Album Review: Cyclamen – Ashura


Challenging, heavy, unpredictable and fun. One of my favourite releases this year. 


Release Date: October 13, 2013 on their own label Realising Media

Tracks: 10

Length: 35 minutes

Genre: Not easy to describe. Experimental, prog/math metal, post-rock

Previous releases: Split EP 2009, debut album Senjyu 2010,  Memories, Voices EP 2012

Recommended for fans of:  Challenging, interesting, unpredictable music

Description: On Cyclamen’s Bandcamp page it says: DIY-To-The-Core and I get a sense that those words were written with a feeling of great pride and accomplishment. After hearing the new album and seeing Cyclamen live (and meeting them after the show, such great people!), I understand why. This is a fascinating and very different album, with influences from things and places I can only imagine in my mind.

The brain, the manager and the force behind everything that has to do with the band is Hayato Imanishi and in 2008 he cyclamenstarted creating music in his bedroom. He quickly made a good reputation of himself and worked together with musicians from Monuments, Chimp Spanner, TesseracT and SikTh. The band now has a solid line-up of talented musicians and have been all the way over in Europe to play live shows.

Ashura’ is a good bit heavier and darker than the debut album, with plenty of pounding bass rhythms, complicated and frenetic guitar shredding and aggressive, frustrated singing. All this is blended with surprisingly catchy melodies and choruses which makes the album quite accessible, if not on the first listen, at least after a couple of spins. I like the play with contrasts; the heavy parts are raw, honest and emotive and the melodic, post-rocky moments are sweet and instantly appealing. This description might sound like your average modern metal band, but like I’ve said, this is far from average music. It might take some time and effort to get into, but once you do, you’ll find that Cyclamen has a very eclectic and enjoyable sound with lots of details and interesting twists. Their albums are based on one long story that will be revealed in full after the third album is released.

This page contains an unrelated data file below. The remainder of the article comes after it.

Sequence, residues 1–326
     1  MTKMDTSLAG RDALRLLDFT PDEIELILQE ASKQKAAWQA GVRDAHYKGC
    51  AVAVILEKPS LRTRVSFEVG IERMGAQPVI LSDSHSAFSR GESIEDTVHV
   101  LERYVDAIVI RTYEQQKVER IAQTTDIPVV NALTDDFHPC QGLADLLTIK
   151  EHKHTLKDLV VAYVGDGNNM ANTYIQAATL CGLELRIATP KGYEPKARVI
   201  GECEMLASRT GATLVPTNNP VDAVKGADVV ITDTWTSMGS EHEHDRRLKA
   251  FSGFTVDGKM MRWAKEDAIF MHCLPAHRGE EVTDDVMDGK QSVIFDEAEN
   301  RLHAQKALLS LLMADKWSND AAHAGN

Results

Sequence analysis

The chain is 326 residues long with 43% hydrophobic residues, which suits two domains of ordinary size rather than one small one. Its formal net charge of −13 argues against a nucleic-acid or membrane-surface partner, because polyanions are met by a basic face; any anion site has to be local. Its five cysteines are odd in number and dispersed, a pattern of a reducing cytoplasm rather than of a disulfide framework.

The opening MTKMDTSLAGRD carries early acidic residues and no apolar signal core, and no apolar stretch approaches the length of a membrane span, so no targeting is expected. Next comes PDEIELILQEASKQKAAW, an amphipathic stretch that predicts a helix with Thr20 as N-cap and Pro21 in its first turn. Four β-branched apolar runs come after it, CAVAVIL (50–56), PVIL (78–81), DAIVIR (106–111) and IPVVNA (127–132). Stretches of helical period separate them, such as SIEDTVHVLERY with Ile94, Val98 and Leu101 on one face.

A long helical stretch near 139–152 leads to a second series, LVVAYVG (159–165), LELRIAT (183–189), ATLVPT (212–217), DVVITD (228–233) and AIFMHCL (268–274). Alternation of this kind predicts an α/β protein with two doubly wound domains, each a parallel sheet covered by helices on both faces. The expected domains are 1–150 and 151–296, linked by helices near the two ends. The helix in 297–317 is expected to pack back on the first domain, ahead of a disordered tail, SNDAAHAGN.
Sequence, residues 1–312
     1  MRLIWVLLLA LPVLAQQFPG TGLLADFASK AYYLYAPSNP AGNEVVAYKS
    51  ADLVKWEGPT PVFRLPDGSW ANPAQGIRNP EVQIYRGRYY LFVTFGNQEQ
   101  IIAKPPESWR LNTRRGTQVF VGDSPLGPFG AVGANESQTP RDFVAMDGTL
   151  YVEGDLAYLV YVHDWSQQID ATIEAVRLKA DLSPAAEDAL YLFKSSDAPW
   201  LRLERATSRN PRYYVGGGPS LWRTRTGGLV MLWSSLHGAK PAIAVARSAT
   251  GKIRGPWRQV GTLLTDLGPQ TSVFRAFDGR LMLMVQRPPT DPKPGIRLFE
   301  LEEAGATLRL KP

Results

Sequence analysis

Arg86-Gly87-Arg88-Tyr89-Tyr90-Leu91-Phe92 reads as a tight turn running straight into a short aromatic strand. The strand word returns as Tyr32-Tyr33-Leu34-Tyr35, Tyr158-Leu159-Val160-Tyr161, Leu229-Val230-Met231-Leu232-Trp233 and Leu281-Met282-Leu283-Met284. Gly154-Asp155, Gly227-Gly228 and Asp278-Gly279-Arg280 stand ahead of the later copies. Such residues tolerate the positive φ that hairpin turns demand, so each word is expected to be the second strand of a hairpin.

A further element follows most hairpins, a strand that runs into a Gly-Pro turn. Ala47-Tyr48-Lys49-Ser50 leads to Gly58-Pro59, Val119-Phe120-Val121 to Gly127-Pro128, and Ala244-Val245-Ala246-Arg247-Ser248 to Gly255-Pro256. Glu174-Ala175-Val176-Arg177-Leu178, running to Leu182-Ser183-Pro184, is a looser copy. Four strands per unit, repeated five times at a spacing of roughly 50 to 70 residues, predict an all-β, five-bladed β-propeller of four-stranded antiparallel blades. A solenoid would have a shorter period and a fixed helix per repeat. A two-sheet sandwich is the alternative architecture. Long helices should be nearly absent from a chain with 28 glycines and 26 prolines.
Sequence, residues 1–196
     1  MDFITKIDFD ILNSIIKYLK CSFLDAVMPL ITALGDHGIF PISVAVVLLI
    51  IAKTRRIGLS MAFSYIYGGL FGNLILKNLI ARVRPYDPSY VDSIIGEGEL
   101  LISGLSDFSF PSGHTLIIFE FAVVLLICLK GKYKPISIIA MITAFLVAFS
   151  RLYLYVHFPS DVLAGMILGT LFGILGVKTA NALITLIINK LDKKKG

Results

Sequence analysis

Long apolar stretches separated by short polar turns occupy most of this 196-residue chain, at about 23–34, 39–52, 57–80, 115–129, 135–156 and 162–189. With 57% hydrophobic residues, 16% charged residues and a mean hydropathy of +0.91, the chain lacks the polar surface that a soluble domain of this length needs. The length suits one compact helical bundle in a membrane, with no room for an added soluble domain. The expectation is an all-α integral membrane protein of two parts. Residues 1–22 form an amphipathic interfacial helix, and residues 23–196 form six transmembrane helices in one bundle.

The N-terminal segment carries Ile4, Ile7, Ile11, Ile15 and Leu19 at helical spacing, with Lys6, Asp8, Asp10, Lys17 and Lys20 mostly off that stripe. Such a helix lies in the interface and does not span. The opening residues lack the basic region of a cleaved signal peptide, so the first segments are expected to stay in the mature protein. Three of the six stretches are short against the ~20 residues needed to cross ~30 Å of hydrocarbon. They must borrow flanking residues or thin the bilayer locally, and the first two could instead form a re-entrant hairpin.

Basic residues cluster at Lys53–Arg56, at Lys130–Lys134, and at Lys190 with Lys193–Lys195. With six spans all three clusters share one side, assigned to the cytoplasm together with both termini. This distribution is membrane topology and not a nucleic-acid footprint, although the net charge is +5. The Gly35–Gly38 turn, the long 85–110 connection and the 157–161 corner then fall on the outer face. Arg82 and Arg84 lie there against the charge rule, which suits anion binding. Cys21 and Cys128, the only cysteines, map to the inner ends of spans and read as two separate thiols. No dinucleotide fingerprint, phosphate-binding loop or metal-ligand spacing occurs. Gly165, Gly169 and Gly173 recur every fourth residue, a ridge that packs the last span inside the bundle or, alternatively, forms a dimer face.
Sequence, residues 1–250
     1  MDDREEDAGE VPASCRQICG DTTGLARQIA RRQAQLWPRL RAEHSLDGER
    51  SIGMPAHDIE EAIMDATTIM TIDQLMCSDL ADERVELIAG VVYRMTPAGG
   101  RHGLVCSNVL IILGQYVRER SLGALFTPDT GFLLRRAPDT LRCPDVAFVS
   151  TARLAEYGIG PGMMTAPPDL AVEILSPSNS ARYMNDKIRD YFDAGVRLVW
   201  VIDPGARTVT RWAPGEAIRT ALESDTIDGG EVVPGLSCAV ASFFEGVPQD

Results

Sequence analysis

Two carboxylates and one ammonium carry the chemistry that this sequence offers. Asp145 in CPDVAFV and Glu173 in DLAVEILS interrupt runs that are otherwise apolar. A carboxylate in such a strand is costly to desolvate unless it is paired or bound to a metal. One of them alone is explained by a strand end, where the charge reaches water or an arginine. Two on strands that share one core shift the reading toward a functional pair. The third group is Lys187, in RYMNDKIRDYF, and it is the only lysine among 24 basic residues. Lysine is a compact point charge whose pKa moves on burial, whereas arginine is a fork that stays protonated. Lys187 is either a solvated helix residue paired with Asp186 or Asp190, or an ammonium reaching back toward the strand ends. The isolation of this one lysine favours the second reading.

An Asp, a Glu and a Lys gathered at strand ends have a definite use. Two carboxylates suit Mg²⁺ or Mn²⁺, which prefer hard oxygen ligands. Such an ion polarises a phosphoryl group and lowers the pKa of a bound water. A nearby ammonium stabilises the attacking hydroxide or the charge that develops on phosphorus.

Ashura’ is available in two versions on Bandcamp, one mastered by Hayato Imanishi himself, and the other one made by TesseracT’s Acle Kahney in his 4D Sounds studio.

Strong points: Great melodies, unusual music style, a bass that is very prominent. Unpredictable, fantastic songwriting. A groovy, bouncy sound with a large portion of sincerity. Cool vocals that really suits the music.

Recommended songs: Haja–Kenshou, Gashin-Shoutan, Hika-Kougai, Kusoku-Zeshiki

Conclusion: This is an album filled with timeless, genre-bending, progressive music that should appeal to fans of many different styles. Cyclamen makes music that is sincere and dynamic and very fun to listen to. ‘Ashura’ is definitely one of the highlights of this year.




Full Album Stream:


About Irmelinis

A friend told me that I was delusional. I almost fell off my unicorn.

Posted on October 21, 2013, in Album Reviews, Tales From Bandcamp & Full Album Streams and tagged , , , , , , , , , , , , , , . Bookmark the permalink. 5 Comments.

  1. Nice 🙂 Love how these guys are so proggy and technical but dish it up in short, intense songs. Sometimes I find a whole CD length too much to take in, especially when there’s a lot of detail and brutality to process. Good balance between heaviness and melody.

  2. Since they are on Bandcamp I will check out their album. Also their is something in they way Asian singers are phrasing their vocal lines that really appeals to me for some reason. I just remembered a Dir En Grey record I often listened to in my teens:-)

Leave a Reply

Fill in your details below or click an icon to log in: Logo

You are commenting using your account. Log Out /  Change )

Google photo

You are commenting using your Google account. Log Out /  Change )

Twitter picture

You are commenting using your Twitter account. Log Out /  Change )

Facebook photo

You are commenting using your Facebook account. Log Out /  Change )

Connecting to %s

%d bloggers like this: